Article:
Summer Nutrition Programs Heating Up
Jun 06, 2014
By Helly Lee
As children, many of us looked forward to summer breaks from school as a time for spending long days in the sun with our friends and family. However, for millions of American children, summer can mean losing access to the regular meals that they have during the school year. A recent report released by the Food Research and Action Center (FRAC) reiterates the importance of summer nutrition programs such as the Summer Food Service Program (SFSP) and the National School Lunch Program (NSLP) because they serve millions of low-income children each year during these summer months. These programs provide nutritious meals for low-income children who may otherwise go hungry in the summer months when they are not in school.
The report reveals that in 2013, the Summer Nutrition Programs grew to serve nearly 3 million children, an increase of 161,000 children from 2012 and the largest percentage increase since 2003. This participation growth in 2013 can largely be attributed to the commitment that the U.S. Department of Agriculture (USDA) made to prioritize participation in summer nutrition programs. In partnership with key nutrition advocates, USDA’s goal of increasing the number of meals served by 5 million from the previous year was surpassed by an additional 2 million (7 million more meals were served in the summer of 2013 than in 2012).
While this is great news that more children who need access to summer nutrition are using these programs, there’s more to be done to improve the programs to serve even more children and some harder to reach populations. The programs served millions more in 2013, but they still only reached 1 in 7 children who needed summer meals, according to the FRAC report.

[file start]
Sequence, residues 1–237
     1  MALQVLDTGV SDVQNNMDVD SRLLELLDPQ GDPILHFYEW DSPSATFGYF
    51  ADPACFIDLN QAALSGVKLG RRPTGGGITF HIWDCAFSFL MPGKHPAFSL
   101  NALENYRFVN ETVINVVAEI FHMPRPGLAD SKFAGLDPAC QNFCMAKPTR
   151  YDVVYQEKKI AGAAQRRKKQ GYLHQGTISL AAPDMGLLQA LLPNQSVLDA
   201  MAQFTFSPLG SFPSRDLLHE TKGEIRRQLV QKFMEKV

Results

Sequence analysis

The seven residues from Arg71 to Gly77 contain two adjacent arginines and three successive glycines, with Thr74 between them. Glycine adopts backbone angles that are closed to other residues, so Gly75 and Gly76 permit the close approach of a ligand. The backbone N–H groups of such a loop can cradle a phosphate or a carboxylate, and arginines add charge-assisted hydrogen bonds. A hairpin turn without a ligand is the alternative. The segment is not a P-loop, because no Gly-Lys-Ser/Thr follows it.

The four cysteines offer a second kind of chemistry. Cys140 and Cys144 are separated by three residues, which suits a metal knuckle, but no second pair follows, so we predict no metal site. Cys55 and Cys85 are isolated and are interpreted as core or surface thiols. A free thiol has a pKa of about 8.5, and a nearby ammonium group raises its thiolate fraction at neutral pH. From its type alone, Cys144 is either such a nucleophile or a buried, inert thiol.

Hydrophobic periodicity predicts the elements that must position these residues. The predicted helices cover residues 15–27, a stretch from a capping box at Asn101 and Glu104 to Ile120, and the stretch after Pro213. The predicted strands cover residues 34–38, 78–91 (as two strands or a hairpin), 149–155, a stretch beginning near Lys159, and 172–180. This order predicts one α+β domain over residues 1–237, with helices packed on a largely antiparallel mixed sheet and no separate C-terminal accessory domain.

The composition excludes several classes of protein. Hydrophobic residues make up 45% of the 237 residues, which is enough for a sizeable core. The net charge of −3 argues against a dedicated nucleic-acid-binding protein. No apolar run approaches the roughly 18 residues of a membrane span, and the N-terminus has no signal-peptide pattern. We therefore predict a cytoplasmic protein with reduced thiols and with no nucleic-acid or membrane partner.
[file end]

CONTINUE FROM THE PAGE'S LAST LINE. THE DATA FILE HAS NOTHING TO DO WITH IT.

Nutrition is vital to the cognitive and physical health and development of children. Children need nutrition to learn in and out school, and a summer break is not an exception for when nutrition is a necessity. Research has shown that well fed-children tend to be healthier overall and are sick less often, have fewer developmental problems, and have lower obesity rates. Ensuring that children continue to receive the nutrition they need in the summer months will help them to come back to school in the fall healthy and ready to learn.
The forthcoming reauthorization of child nutrition programs, expected in 2015, provides Congress the opportunity to further strengthen a number of vital nutrition programs including summer feeding programs. Members of Congress have already started to introduce bills that would improve these programs. These include Senator Murray’s Stop Child Summer Hunger Act which would provide families with children eligible for free or reduced-price school meals with an electronic benefit transfer (EBT) card for the purchase of food during summer months and Representative Dina Titus’ Helping Hungry Students Learn Act. These and other proposals leading up to reauthorization will be critical in setting the stage for 2015.
School may be letting out soon, but the heat is on to ensure that millions of children do not go hungry during the summer months.